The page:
Advocates discuss affordable housing needs in Pleasanton, Tri-Valley
Solutions such as getting people involved in effort and holding officials accountable among suggestions
Pleasanton resident Sandra DeGregorio doesn't imagine herself here for much longer. The single mother who rents an apartment in town said if home prices stay the way they are and cities such as Pleasanton continue to stall on efforts to provide affordable homes, she'll have to leave the area in search of a better quality of life.
"I told my son who's lived in Pleasanton for the past five years that eventually, if things don't change, we're going to have to move," she said. "It makes me so sad because he has made so many friends here."
DeGregorio, an affordable housing advocate, told her story at a forum on the subject held last Tuesday night at Lynnewood Community Church.
Representatives from the Tri-Valley Interfaith Poverty Forum, Citizens for a Caring Community, Greenbelt Alliance, Urban Habitat, Public Advocates and East Bay Housing Organizations offered their opinions and suggestions during a panel discussion.
In a PowerPoint presentation by the Poverty Forum, John McIntyre and Maurine Behrend shared statistics showing high home prices' effects on traffic, the environment, jobs, businesses and families.
McIntyre, who owns a small business in Pleasanton, said he has a hard time hiring and retaining employees because many can't afford to live here.
"Software engineers make good money--$80,000--but why aren't they taking jobs here?" McIntyre said. "They have to have a second income to even think about getting into the housing market."
Behrend said she was alarmed to notice people with jobs starting to show up at local soup kitchens for free meals.
Pleasanton has neglected the need to provide affordable housing, said Becky Dennis, a former Pleasanton City Councilwoman and member of local group Citizens for a Caring Community.
"We've had a bit of a dry spell--affordable housing really hasn't been built since 1997," she said, adding that the city isn't in touch with the residents who rent the approximately 3,700 apartments here.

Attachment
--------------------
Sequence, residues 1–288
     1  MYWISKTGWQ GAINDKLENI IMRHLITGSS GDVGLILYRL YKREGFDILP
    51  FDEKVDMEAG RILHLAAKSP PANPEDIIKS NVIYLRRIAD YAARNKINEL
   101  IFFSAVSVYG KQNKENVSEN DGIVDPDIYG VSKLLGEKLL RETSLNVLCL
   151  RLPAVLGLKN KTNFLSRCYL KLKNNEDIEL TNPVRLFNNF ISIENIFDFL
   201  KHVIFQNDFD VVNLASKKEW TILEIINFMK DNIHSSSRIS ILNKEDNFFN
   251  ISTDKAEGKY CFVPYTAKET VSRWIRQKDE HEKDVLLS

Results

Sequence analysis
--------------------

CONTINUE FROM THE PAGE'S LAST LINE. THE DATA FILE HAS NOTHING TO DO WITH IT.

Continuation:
Advocates at the forum also brought up legal action that has been taken against the city.
Public Advocates and Urban Habitat, with DeGregorio listed as a plaintiff, filed a lawsuit against the city a few months ago. The city responded by asking a judge to dismiss the case saying it has no legal standing, among other reasons. The motion to dismiss it was heard Jan. 19, however the judge in the case has not yet made a decision.
Richard Marcantonio, managing attorney for Public Advocates, said the city isn't doing enough to help low-income families.
"The city has been good about affordable housing for seniors....but they donít provide it for families--the people who are driving in and out of Interstate 580 every day," he said.
During the panel discussion, advocates offered their suggestions for how Pleasanton and the Tri-Valley area can help alleviate the problem.
"It's very hard to change people's minds," said Amie Fishman of East Bay Housing Organizations. "Who wins if this fight gets delayed and delayed and delayed? We need to mobilize, get people registered to vote, get them engaged in debates, mentoring and to learn from cities that are providing housing such as Dublin."
"Continue to educate people. Get your friends together and change minds here in Pleasanton," DeGregorio said.
Behrend said it's important that people be present at meetings such as City Council, when decisions affecting affordable housing are made, so their voices can be heard.